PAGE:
THE BATTLE BETWEEN THE HAVES AND HAVE-NOTS…
Now that we were getting closer to the wedding date, it was time to start thinking about the guest list. Apparently this was one of the most stressful parts yet for my bride. I remember planning my wedding and having the same anxiety over the one major guest list question that everyone kept asking:
“Are children invited to the wedding?”
Holy moly. There is no scarier prospect than offending a parent by telling them that your wedding is an adults-only event. I agonized and changed my mind back and forth between the two options for over a month before I made my final decision, so I could understand my bride’s stress. She was completely torn, and it was taking its toll on her.
There are a couple of factors to consider when trying to answer that question for your big day. What kind of atmosphere are you looking to achieve for your wedding? Our wedding reception was a huge Irish party, and we didn’t want to have to worry about children mixing with adults, alcohol, and a rock ‘n roll band. It just wasn’t a child-appropriate venue.
Another thing to consider is that children tend to get bored very easily. I have 24 nieces and nephews, and if there’s one thing that I’ve learned, it’s to come prepared at all times with entertainment. The moment a kid’s attention wanders, trouble will soon follow. One really great idea for brides who don’t want their wedding to be adults-only is a kid’s fun table. Load it up with artsy things (no paint or markers, you will never forgive yourself!), popsicle sticks, small craft projects, coloring books, or a bead station where they can make “presents” for the bride and groom. One of my favorite sites for inexpensive children’s crafts is www.orientaltrading.com. You can even have the craft match the theme of your wedding, and these crafts will keep the kids busy and out of trouble for awhile.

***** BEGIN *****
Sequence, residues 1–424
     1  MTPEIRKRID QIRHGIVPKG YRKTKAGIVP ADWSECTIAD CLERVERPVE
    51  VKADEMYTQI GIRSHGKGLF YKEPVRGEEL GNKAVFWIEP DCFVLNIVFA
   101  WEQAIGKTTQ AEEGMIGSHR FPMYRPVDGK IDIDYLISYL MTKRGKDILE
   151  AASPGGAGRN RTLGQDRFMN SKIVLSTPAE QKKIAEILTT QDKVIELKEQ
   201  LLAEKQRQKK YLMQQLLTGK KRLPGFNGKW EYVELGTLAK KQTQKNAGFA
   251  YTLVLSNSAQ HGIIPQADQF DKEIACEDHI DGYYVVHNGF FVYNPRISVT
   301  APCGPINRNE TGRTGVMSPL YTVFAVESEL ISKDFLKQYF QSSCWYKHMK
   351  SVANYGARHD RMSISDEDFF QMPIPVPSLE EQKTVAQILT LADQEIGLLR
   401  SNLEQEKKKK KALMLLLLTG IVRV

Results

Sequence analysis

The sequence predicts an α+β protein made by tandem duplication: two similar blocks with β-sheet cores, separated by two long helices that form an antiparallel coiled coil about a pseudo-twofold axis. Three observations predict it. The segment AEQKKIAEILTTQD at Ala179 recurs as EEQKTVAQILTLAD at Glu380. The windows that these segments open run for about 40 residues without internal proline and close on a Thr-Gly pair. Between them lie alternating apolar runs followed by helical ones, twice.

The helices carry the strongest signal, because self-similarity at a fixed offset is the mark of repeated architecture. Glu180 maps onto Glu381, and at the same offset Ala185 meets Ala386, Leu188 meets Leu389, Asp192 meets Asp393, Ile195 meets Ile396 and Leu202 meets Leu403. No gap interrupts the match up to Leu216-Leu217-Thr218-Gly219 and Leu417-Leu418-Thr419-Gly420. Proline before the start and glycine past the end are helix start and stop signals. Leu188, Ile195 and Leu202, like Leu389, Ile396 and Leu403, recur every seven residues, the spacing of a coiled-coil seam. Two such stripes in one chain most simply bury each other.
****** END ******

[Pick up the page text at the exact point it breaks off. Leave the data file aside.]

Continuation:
The dinner menu is also an important factor in your decision. If your menu includes chef-inspired dishes, chances are that your young guests will be more tempted to turn THAT into a craft instead of eating. To avoid this, adding a children’s menu of chicken fingers, mac ‘n cheese, or other child favorites will encourage them to put the food in their bellies and not waste it. If your budget allows for a separate kid’s menu and dinner table, then this might be the option for you.
All in all, it is the bride and groom’s decision. It’s their special day, and even though it’s a tough call, it’s not made to inconvenience or offend anyone. I have attended weddings with children, and those without and all were enjoyable. It’s a good idea to let your guests know well in advance if they need to find a babysitter, and the guests should be respectful of the new couple’s wishes.
My bride had some tension and craziness when a few important members of the guest list were very vocal about their dislike of the couple’s decision to not include children. These guests even went so far as to declare that they would not be attending the wedding because they didn’t want to have to get a babysitter for a few hours in the evening, and this broke my bride’s heart. Although it may be more inconvenient for parents to find a sitter, please consider the feelings of the bride and groom before reacting. Save some poor woman from being the Mad MOH that now has to calm her highly emotional bride down over the guest list, and think of it this way…
You will get to enjoy some adult time, too.